Proposal: Allow illegal reflective access by default in JDK 9

Anthony Vanelverdinghe anthony.vanelverdinghe at
Fri May 19 16:36:22 UTC 2017

As I haven't seen it mentioned yet: JDK 9 introduces a new 
JDK_JAVA_OPTIONS environment variable. So I'd propose to:
* have `--illegal-access=deny` be the default
* add a `quiet` possibility
* not resolve the module by default
* add a note to the compatibility guide for JDK 9: if you want maximum 
compatibility, set `JDK_JAVA_OPTIONS=--illegal-access=quiet`, but be aware that these options will 
dissapear in a future JDK

This way:
* there's no need to to add command-line parameters or manifest entries 
anywhere (and since JDK_JAVA_OPTIONS is new in JDK 9, there's no 
compatibility impact)
* the defaults are already what they ought to be

I believe the proposed default is a step backwards, and good arguments 
have been given against doing this (a.o. by Peter Levart [1]). So the 
above seems like a good middle ground to me: the defaults are what they 
should be, and legacy behavior is simply a matter of setting an 
environment variable.


Kind regards,

On 18/05/2017 16:48, mark.reinhold at wrote:
> Over time, as we've gotten closer and closer to the JDK 9 GA date, more
> and more developers have begun paying attention the actual changes in
> this release.  The strong encapsulation of JDK-internal APIs has, in
> particular, triggered many worried expressions of concern that code that
> works on JDK 8 today will not work on JDK 9 tomorrow, yet no advance
> warning of this change was given in JDK 8.
> To help the entire ecosystem migrate to the modular Java platform at a
> more relaxed pace I hereby propose to allow illegal reflective access
> from code on the class path by default in JDK 9, and to disallow it in
> a future release.
> In short, the existing "big kill switch" of the `--permit-illegal-access`
> option [1] will become the default behavior of the JDK 9 run-time system,
> though without as many warnings.  The current behavior of JDK 9, in which
> illegal reflective-access operations from code on the class path are not
> permitted, will become the default in a future release.  Nothing will
> change at compile time.
> In detail, the recently-introduced `--permit-illegal-access` option will
> be replaced by a more-general option, `--illegal-access`.  This option
> will take a single keyword parameter, as follows:
>    `--illegal-access=permit`
>      This will be the default mode for JDK 9.  It opens every package in
>      every explicit module to code in all unnamed modules, i.e., code on
>      the class path, just as `--permit-illegal-access` does today.
>      The first illegal reflective-access operation causes a warning to be
>      issued, as with `--permit-illegal-access`, but no warnings are issued
>      after that point.  This single warning will describe how to enable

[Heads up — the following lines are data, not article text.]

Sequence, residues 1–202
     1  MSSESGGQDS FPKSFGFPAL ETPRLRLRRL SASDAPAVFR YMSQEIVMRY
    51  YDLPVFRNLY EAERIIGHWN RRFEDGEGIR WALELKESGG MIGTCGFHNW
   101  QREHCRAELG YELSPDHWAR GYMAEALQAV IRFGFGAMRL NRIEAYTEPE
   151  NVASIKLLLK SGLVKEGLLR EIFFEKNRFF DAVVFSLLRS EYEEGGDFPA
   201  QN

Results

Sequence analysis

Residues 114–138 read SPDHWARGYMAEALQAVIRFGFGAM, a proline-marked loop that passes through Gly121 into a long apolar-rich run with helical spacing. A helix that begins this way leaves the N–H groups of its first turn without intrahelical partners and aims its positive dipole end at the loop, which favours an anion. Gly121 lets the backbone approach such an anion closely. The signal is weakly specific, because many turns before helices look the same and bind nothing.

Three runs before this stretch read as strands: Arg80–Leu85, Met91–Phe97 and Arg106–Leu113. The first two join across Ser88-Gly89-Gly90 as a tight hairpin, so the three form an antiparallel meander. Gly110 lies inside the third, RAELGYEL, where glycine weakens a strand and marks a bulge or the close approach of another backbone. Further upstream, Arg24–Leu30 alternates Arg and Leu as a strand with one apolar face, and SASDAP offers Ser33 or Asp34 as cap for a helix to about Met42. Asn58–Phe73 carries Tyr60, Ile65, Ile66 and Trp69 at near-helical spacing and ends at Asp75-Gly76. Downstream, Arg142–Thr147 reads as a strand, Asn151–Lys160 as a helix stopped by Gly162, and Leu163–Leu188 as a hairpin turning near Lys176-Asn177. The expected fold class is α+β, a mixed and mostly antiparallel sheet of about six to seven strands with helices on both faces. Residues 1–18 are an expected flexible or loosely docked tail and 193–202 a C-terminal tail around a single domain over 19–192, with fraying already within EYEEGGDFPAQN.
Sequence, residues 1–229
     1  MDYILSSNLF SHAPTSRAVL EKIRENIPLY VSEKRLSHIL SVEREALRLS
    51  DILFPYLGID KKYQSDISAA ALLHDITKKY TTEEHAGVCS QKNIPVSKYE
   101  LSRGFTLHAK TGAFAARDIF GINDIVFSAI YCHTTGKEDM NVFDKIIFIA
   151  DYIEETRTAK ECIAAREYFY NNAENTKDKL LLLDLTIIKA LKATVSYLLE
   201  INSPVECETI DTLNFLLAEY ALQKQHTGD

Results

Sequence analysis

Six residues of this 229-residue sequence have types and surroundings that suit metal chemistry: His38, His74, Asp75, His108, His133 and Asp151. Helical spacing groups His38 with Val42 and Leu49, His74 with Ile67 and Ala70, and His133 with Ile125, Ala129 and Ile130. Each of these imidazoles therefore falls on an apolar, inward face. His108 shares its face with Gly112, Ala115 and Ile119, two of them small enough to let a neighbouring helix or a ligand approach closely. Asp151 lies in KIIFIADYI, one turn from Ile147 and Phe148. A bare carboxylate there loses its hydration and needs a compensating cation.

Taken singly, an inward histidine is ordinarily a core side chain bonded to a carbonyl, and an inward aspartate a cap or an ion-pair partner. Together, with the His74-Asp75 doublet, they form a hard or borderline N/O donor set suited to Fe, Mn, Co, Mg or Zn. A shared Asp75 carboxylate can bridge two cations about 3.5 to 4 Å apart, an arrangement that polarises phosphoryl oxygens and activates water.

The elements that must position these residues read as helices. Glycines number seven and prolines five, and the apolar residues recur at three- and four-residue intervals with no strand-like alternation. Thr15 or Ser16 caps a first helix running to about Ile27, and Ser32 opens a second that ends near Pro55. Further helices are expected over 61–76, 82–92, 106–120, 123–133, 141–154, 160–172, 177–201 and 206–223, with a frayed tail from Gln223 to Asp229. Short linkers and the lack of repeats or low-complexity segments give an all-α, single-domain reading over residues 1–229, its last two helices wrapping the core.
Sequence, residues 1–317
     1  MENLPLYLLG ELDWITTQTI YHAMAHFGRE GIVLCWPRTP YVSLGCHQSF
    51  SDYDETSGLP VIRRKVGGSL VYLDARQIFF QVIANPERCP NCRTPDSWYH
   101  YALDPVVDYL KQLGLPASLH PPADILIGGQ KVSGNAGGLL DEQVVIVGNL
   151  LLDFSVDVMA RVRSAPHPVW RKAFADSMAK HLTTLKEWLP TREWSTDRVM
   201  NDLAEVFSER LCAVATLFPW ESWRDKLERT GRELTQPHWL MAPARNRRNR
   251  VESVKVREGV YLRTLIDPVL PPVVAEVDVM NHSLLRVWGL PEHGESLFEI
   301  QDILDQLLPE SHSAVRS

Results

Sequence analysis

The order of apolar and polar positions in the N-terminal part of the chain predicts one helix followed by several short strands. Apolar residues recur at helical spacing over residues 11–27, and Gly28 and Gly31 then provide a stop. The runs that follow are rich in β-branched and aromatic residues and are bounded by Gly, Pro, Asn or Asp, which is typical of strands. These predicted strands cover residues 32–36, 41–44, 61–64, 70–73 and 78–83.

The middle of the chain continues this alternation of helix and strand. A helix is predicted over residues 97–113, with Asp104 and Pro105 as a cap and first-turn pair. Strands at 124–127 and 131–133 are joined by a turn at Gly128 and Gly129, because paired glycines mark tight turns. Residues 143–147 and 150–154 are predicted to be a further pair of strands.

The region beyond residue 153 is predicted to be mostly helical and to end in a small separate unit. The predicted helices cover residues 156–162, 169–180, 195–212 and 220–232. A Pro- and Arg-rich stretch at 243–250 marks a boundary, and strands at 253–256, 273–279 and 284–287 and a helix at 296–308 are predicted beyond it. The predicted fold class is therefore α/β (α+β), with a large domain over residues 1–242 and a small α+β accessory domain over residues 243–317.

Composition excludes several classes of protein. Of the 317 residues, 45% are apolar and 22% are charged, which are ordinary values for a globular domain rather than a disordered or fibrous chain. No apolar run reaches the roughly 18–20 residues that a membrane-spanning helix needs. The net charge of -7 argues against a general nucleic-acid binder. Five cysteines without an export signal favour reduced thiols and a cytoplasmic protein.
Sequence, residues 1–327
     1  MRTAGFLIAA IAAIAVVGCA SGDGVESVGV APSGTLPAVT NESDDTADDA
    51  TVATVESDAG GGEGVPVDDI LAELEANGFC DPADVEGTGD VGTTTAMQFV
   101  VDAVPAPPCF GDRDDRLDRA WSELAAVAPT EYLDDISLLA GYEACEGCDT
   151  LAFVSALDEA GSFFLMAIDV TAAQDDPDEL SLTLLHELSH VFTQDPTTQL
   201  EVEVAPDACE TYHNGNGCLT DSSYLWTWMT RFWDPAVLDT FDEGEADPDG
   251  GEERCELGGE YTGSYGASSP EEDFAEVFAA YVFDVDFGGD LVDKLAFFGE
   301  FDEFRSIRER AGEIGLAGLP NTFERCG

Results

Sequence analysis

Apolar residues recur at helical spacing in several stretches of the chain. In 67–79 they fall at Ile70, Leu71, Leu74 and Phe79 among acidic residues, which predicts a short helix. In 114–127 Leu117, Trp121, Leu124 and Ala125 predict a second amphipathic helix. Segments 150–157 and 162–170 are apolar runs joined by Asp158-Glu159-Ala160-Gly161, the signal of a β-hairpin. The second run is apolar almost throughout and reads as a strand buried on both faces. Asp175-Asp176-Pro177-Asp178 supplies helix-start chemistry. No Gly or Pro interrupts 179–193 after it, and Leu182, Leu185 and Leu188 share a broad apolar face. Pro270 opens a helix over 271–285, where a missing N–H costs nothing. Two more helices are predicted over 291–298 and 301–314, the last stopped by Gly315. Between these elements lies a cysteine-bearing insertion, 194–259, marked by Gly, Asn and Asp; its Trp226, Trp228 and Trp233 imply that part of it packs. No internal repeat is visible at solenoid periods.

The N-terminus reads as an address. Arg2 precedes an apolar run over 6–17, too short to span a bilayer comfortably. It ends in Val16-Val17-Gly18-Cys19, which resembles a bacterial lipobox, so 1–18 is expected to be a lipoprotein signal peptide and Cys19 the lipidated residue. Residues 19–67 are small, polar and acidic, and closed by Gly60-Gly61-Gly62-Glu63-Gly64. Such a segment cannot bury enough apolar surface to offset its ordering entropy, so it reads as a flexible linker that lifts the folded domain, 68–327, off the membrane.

>      further warnings.
>    `--illegal-access=warn`
>      This causes a warning message to be issued for each illegal
>      reflective-access operation.  This is equivalent to the current
>      `--permit-illegal-access` option.
>    `--illegal-access=debug`
>      This causes both a warning message and a stack trace to be shown
>      for each illegal reflective-access operation.  This is equivalent
>      to combining today's `--permit-illegal-access` option with
>      `-Dsun.reflect.debugModuleAccessChecks`.
>    `--illegal-access=deny`
>      This disables all illegal reflective-access operations except for
>      those enabled by other command-line options, such as `--add-opens`.
>      This will become the default mode in a future release.
> Notes:
>    - The proposed default mode enables the run-time system to issue a
>      warning message, possibly at some time long after startup, without
>      having been explicitly requested to do so.  This may be a surprise
>      in production environments, since it's extremely unusual for the
>      run-time system to issue any warning messages at all.  If the default
>      mode permits illegal reflective access, however, then it's essential
>      to make that known so that people aren't surprised when this is no
>      longer the default mode in a future release.
>    - Warning messages in any mode can be avoided, as before, by the
>      judicious use of the `--add-exports` and `--add-opens` options.
>    - This proposal will, if adopted, require adjustments to JEP 260,
>      "Encapsulate Most Internal APIs" [2].  APIs that are internal to the
>      JDK will still be strongly encapsulated from the standpoint of code
>      in modules, whether those modules are automatic or explicit, but they
>      will not appear to be encapsulated at run time from the standpoint of
>      code on the class path.
>    - When `deny` becomes the default mode then I expect `permit` to remain
>      supported for at least one release, so that developers can continue
>      to migrate their code.  The `permit`, `warn`, and `debug` modes will,
>      over time, be removed, as will the `--illegal-access` option itself.
>      (For launch-script compatibility the unsupported modes will most
>      likely just be ignored, after issuing a warning to that effect.)
>    - This change will not magically solve every JDK 9 adoption problem.
>      The concrete types of the built-in class loaders are still different,
>      `rt.jar` is still gone, the layout of a system image is still not the
>      same, and the version string still has a new format.
> Comments?
> - Mark
> [1]
> [2]

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